The story can be a bit different for young Pakistani men. While, yes, some are fleeing prosecution or terrorism, some are also coming to earn a better living. Now, I want to be careful on this one, because of the false narratives around “economic migrants.” The men that Rando most often encounters aren’t freeloaders. Far from it, they are hard-working and honest men providing for their families. One young Pakistani man he knows works at a restaurant in Athens for €12 per day (about $15 US). He lives above the restaurant for free, and he sends €11 home to Pakistan, keeping only €1 for himself. In Pakistan, his family of six lives comfortably on his wages. This type of economic migration isn’t about gaining wealth or easy money. It’s about survival.
Now that we’ve answered some of the who’s and the why’s, the next layer has to be: How do we help? To address immediate needs, such as food and shelter, supporting an independent volunteer with a solid reputation is one way to get your donation dollars to underserved demographics (but do some research!). Large organizations have more funding, but must adhere to prescribed programs, which usually place a priority on women and children. On the other hand, what independent volunteers can do with modest amounts of cash is nothing short of amazing. Through his One Human Race campaign, Rando distributes food and basic needs, provides meal vouchers, and as mentioned, he has begun providing housing in Athens. If you have the time and budget, you can also volunteer. There are many volunteer opportunities in Athens and other parts of Greece – both long and short term, and there are many Facebook groups dedicated to helping people find volunteer opportunities.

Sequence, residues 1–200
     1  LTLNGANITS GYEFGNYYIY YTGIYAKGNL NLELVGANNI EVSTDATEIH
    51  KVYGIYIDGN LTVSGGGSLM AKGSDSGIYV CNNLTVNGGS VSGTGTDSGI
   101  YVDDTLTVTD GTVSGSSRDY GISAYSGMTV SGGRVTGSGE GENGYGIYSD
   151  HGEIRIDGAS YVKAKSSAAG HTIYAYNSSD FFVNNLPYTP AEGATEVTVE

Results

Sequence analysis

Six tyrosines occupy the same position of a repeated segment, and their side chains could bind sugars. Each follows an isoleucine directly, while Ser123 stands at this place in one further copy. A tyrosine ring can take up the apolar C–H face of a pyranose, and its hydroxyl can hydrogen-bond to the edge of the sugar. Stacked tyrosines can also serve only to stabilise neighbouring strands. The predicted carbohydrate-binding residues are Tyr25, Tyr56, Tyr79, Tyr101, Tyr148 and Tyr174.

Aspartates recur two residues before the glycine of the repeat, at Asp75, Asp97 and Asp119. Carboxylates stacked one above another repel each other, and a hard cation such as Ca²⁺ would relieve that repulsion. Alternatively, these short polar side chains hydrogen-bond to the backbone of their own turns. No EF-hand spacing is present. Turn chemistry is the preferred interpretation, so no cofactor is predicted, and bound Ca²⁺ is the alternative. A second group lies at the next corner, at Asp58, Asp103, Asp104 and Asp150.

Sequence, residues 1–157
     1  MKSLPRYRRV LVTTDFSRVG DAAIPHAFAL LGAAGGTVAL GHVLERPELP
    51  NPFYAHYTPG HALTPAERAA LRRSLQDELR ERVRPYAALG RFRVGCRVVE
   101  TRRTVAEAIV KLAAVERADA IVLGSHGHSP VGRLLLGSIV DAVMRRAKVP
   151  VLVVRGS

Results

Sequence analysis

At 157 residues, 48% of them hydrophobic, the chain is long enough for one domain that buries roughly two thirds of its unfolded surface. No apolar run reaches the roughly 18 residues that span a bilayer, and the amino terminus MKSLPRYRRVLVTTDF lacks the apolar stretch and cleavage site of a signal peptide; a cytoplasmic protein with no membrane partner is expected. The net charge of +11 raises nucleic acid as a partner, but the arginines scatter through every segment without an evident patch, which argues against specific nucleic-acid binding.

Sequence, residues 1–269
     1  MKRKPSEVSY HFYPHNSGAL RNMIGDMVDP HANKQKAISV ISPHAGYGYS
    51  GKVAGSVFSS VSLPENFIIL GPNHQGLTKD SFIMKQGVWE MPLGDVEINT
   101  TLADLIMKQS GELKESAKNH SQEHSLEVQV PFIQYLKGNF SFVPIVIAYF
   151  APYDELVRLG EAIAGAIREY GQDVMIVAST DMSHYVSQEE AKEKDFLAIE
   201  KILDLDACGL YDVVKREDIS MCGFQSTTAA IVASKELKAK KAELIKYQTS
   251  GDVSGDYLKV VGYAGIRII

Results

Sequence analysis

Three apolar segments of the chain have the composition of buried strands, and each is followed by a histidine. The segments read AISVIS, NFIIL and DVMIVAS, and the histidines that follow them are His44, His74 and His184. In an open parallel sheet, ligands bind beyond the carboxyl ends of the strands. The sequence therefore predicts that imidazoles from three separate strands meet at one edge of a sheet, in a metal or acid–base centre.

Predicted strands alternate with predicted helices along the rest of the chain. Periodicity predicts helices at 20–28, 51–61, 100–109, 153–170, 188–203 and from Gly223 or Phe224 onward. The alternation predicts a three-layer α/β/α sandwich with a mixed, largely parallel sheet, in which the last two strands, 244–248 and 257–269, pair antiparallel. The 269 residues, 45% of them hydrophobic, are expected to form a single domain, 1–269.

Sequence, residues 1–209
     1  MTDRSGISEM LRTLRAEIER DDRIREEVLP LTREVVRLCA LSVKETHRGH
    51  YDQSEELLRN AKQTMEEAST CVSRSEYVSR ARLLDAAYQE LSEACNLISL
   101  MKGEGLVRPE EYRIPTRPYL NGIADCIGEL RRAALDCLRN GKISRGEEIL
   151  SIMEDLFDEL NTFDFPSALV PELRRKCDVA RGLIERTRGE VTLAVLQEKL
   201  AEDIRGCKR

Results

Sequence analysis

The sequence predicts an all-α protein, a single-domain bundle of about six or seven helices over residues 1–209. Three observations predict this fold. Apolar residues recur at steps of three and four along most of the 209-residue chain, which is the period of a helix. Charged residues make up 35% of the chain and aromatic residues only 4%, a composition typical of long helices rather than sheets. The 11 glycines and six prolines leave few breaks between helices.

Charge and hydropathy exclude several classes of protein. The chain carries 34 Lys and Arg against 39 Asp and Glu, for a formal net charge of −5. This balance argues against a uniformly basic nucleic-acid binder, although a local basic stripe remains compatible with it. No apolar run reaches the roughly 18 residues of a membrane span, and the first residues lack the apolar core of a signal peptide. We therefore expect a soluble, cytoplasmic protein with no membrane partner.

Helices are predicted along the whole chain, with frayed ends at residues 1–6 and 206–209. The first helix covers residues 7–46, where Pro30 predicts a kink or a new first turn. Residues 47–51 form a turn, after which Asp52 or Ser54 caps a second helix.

The most important thing that can be done for these single men is to provide employment opportunities. They all want to work, but Greece’s economic woes make finding employment nearly impossible. This is why most of the single guys in Greece have their sights set on making it over the border to go elsewhere in Europe. Aside from the economics, finding employment is critical to their survival. Otherwise, they have little to do other than sleep and play video games. This leads to depression and increases the potential that they’ll be targeted online by criminal and terrorist groups. There are other groups focused on creating employment opportunities and job training for refugees in Greece. Forge for Humanity, Do Your Part, and Khora are a few organizations who operate in this space, but much help is needed.
These young men sacrificed greatly because they want to be lawful and productive citizens. Let’s help them stay on that path, shall we?
By: Nicole Cook
No Place Like Home for Refugees, Inc.